Cellular Router With Wifi Test in Eagle Pass

Our port of entry (POE) locations, use Cisco 819 routers that have a cellular connection for the data service. This has allowed us to reduce the complexity of our border circuits by not having to worry about a physical connection. It’s also way cheaper from a cost perspective.

Our current setup at the POE locations has an 819 with a separate wifi access point so the handhelds that are used to collect the taxes can sync over wifi and run credit cards. Because the 819 routers do not have power over ethernet to power the access points, they need to run through a power injector, which is plugged into the wall.

The basic setup we have is an 819 router whose data connection is over cellular, has a wired connection a power injector (that is also plugged into the wall) and then a wired connection from the power inject to the access point. The access point is also hooked to an antenna. This means to make the whole setup work, there are a bunch of different components that can cause issues. These include 2 different network cables that can become unplugged, a power injector that can become unplugged, an antenna can become unplugged, or the router itself that can act up and cause issues.

With that being said, there’s a lot of points of failure. Another challenge is these border locations are often in remote locations and the people working there are not technically savvy. There also can be a language barrier that can add an extra challenge. This makes troubleshooting these things super hard. The crazy thing is, compared to how we used to do it with wired data connections, this setup is a more simplified version. As you can see by the picture below of the box of components I collected after this trip, there are a lot of components.

Another project I am looking to do is replace a bunch of 5505 routers that are out of date. We found that the 819 router can function either with cellular data connection or also on a wired data connection and is also capable of supporting a small office. I also found out that they now make 819 cellular routers with built in wifi and they only cost a couple hundred more than their non-wifi counterparts.

The plan was to swap all the border 819’s without wifi and install the ones with wifi. Then I’ll take those non-wifi routers and replace the obsolete 5505’s (I’ll have many more blog entries coming up on the travel required for this). Also, we could reclaim the access points and install wifi in a bunch more of our offices that currently do not have wifi.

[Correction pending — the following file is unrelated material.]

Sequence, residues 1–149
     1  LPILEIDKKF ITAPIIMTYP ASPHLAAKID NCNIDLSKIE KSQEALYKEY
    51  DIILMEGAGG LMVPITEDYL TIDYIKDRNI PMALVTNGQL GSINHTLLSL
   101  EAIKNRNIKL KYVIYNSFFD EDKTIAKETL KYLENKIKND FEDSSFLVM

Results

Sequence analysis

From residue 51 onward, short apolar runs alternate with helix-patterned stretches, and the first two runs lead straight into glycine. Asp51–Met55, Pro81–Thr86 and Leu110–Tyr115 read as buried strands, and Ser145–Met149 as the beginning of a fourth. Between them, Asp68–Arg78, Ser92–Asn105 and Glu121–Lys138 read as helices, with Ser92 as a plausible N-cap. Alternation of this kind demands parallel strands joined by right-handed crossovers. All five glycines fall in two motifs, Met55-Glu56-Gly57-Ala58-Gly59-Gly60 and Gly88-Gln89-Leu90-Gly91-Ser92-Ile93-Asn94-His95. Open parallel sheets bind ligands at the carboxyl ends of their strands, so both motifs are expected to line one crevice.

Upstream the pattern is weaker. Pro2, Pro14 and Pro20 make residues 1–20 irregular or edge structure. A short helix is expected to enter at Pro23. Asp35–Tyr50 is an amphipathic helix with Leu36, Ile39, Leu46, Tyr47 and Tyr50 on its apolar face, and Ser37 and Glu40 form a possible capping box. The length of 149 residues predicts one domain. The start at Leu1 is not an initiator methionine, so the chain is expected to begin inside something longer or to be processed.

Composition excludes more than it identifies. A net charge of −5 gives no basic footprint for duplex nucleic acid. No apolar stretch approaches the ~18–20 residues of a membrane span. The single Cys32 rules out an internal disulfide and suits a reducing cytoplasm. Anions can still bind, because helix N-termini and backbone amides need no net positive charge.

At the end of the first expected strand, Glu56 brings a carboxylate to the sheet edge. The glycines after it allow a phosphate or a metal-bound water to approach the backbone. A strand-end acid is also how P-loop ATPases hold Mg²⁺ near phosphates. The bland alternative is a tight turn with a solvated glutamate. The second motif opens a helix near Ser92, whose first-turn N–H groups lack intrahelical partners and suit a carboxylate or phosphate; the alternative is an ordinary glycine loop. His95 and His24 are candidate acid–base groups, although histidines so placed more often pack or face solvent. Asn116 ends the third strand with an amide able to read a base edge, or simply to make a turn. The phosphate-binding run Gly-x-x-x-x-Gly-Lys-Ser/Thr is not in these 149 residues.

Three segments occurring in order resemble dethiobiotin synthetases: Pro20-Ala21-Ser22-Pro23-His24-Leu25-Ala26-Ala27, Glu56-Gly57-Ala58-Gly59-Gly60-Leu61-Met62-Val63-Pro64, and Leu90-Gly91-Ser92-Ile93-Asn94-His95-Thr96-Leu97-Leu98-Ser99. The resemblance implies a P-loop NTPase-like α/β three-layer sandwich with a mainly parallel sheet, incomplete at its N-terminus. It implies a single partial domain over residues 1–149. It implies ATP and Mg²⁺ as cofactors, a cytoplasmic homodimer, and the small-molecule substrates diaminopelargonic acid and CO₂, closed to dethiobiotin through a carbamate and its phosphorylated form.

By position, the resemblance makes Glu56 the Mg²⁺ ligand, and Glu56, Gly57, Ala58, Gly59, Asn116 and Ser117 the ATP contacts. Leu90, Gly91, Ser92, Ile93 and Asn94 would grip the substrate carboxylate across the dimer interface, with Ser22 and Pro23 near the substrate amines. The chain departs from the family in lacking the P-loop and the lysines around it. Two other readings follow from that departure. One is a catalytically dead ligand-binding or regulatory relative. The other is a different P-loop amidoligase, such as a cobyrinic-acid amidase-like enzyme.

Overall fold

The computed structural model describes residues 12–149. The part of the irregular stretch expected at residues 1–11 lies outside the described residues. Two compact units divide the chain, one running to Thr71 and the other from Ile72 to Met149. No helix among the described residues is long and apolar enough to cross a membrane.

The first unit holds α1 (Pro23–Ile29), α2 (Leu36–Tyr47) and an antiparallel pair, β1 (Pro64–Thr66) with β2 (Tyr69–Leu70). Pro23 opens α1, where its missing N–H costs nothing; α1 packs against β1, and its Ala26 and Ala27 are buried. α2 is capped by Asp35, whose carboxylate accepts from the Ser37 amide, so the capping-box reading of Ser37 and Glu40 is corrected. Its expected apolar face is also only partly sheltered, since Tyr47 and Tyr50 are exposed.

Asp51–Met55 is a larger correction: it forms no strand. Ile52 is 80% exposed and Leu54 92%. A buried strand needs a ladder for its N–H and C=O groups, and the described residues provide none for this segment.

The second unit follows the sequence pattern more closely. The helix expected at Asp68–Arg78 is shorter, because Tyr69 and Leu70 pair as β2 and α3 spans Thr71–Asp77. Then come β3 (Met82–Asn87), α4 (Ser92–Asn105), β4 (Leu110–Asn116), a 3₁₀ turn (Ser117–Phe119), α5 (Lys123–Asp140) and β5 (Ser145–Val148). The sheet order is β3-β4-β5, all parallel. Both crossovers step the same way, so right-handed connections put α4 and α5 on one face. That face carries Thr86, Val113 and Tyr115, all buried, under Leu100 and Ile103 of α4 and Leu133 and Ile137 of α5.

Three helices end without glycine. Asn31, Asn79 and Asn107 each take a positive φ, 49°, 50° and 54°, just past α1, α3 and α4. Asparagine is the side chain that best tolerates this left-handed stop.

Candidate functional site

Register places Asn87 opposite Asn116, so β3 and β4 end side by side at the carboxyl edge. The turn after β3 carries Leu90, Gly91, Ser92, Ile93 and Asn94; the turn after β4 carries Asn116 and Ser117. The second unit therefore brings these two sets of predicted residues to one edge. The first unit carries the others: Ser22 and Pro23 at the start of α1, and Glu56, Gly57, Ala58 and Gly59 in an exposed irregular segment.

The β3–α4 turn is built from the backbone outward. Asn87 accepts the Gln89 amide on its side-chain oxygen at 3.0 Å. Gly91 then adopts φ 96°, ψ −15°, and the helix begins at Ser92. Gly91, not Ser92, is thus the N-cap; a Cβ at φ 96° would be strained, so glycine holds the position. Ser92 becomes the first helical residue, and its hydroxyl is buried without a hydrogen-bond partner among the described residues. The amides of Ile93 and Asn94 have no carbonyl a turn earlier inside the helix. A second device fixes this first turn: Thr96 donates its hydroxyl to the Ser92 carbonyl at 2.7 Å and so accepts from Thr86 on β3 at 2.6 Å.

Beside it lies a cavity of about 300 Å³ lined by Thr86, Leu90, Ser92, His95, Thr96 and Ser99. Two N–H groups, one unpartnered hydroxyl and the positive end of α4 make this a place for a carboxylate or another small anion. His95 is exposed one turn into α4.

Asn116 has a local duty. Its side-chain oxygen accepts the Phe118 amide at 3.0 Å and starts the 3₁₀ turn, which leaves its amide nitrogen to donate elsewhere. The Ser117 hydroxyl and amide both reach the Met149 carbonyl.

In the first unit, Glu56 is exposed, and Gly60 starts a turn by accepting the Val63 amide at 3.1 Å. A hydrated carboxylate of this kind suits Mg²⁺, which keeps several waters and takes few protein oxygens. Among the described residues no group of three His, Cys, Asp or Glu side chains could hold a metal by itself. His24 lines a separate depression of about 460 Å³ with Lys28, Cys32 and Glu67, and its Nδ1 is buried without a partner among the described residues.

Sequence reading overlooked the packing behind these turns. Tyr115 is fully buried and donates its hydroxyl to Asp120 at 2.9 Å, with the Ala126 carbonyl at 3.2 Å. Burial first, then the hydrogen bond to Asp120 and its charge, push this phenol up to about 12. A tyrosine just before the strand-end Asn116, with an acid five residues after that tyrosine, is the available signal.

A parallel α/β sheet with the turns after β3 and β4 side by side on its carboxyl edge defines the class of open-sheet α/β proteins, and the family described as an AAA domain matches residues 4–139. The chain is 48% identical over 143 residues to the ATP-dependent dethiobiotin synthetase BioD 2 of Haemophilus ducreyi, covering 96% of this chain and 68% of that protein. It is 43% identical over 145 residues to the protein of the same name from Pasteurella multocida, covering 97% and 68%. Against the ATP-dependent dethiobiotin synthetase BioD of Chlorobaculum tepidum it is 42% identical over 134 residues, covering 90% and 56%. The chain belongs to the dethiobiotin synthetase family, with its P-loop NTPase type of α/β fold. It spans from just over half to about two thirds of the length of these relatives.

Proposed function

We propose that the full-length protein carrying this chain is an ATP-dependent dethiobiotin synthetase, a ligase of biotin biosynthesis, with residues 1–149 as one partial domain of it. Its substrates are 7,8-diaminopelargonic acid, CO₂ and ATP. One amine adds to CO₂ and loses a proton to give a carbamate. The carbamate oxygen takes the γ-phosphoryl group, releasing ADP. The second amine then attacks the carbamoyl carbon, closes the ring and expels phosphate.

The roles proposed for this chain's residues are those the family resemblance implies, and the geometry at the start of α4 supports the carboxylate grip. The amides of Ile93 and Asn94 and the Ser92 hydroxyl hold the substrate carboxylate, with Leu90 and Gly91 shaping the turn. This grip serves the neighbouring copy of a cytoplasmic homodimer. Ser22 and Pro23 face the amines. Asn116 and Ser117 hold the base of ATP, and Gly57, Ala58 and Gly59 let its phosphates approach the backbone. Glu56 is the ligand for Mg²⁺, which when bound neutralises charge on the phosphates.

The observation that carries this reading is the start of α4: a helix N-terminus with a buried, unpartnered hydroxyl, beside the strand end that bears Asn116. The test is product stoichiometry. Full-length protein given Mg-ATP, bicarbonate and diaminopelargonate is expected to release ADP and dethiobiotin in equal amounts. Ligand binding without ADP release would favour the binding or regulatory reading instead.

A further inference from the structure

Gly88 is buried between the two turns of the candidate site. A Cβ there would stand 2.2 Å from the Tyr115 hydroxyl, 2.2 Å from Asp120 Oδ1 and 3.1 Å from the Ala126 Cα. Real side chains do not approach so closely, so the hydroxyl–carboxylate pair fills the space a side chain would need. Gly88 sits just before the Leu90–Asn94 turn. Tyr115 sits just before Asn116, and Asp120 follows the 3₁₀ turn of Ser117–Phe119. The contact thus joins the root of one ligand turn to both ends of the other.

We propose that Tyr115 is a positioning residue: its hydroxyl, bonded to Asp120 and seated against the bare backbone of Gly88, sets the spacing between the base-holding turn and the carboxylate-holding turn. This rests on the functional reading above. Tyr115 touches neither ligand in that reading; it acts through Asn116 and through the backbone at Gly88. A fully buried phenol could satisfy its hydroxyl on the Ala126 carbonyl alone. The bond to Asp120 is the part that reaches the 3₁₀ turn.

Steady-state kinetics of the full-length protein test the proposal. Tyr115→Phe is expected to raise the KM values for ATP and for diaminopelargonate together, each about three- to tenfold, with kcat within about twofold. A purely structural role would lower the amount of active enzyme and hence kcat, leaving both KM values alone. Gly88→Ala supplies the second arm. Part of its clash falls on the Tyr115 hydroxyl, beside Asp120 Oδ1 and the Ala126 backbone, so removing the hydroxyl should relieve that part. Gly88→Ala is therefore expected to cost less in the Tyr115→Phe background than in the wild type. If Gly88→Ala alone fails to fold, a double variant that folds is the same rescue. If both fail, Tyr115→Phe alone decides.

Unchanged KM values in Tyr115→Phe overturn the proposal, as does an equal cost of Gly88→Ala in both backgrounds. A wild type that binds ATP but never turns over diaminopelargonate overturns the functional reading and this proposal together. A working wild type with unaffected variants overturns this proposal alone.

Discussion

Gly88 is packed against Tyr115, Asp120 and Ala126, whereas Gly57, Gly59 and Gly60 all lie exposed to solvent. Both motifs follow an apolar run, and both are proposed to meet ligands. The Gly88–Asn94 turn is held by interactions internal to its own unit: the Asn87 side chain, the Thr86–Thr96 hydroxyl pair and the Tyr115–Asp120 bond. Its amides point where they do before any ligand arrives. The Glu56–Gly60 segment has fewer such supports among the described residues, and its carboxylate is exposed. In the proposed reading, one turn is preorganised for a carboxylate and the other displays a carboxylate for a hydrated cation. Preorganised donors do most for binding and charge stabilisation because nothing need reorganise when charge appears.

This shuffling around of routers would simplify the POE locations, as well as free up equipment that could be used elsewhere. Everything would be built into the single router and it would save space in the POE booths. It would be much easier to troubleshoot and maintain the setup. If you compare the picture below with the picture above, you will see a night and day difference.

Now, I had done a proof of concept with a test router on my Odessa and El Paso trip. Everything worked and the wifi had the range we needed. We ordered a bunch of routers from Cisco to proceed with the project. I decided that Eagle Pass would be a good pilot site to first test this out. It was the closest POE in travel time and also it wasn’t as high volume as some of the other ports can be. This would minimize my travel time as well as prevent any major disruptions.

I hit the road and drove through San Antonio. Once I got to Highway 57, it was pretty much middle of nowhere.

The speed limits were high for cars, but obviously farm machinery doesn’t move that fast.

I got to the booth and swapped the SIM card out from the current router. I was happy when everything came up and worked. I did a few tests and it performed to expectations. I put the router in the corner of the desk where the old one was.

The work got done soon enough and I was on my way to the hotel. I didn’t go to Piedras Negras this time, but I was still welcomed to Texas as I left the POE site.

I didn’t want to go to Mexico because it’s a decent walk and it was very hot that day. When I reached the hotel, it was 95.

I checked into my room and worked a little while to get a full day in. A while after I got done working, I took a coworker’s recommendation and headed to Rodee’s Country Fried Chicken. By then, it was 100 out.

The chicken was great at Rodee’s. On the way back to the hotel, I noticed a sketchy food stand by a carwash.

The next morning I had breakfast. Another unusual thing I saw was a cop giving the traffic report on the local news.

When I left for Austin, it was already 77 degrees. I could see it was going to turn out to be another hot one.

Of course, coming back from the border, I had to stop at an inland border checkpoint.

And by stop, I meant wait a while in line.

From there, it was pretty smooth driving…

…until I hit Austin. Traffic was literally backed to the I35 exit to 290. They decided during the middle of the day would be a good time to cut concrete and close down a couple lanes. For me to get to 3 miles to 360, it took almost an hour. This was definitely not fun.

At least there was a car ahead of me that had a bunch of bumper stickers that made it entertaining to read as I sat stuck in traffic.

The traffic jam took a normally 3.5-4 hour drive and turned it into an over 5 hour drive. I was happy when the road finally opened up and could get back to the office. At least the trip itself was a success and so far the router has been working flawlessly. This pilot is going well and soon I’ll be on the road to deploy the many more routers sitting at my desk.

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